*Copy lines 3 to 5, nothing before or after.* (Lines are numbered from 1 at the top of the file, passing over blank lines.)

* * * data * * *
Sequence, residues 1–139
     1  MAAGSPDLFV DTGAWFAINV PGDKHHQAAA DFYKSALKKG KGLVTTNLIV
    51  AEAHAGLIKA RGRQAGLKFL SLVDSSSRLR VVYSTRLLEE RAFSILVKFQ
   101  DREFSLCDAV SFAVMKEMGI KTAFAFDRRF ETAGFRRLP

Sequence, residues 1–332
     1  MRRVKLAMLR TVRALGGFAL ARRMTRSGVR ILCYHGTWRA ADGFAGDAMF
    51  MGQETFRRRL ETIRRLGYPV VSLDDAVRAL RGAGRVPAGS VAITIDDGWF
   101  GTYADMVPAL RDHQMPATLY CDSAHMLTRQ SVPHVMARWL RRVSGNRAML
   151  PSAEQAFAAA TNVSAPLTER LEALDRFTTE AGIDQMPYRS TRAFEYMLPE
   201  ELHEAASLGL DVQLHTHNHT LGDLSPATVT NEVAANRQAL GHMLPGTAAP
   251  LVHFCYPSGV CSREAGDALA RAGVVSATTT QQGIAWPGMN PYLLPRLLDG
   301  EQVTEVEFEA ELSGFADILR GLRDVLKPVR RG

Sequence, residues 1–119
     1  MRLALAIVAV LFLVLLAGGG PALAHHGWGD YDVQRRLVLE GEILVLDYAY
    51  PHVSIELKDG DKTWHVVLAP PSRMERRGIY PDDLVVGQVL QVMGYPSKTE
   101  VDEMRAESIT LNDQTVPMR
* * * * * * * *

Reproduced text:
    51  AEAHAGLIKA RGRQAGLKFL SLVDSSSRLR VVYSTRLLEE RAFSILVKFQ
   101  DREFSLCDAV SFAVMKEMGI KTAFAFDRRF ETAGFRRLP

Sequence, residues 1–332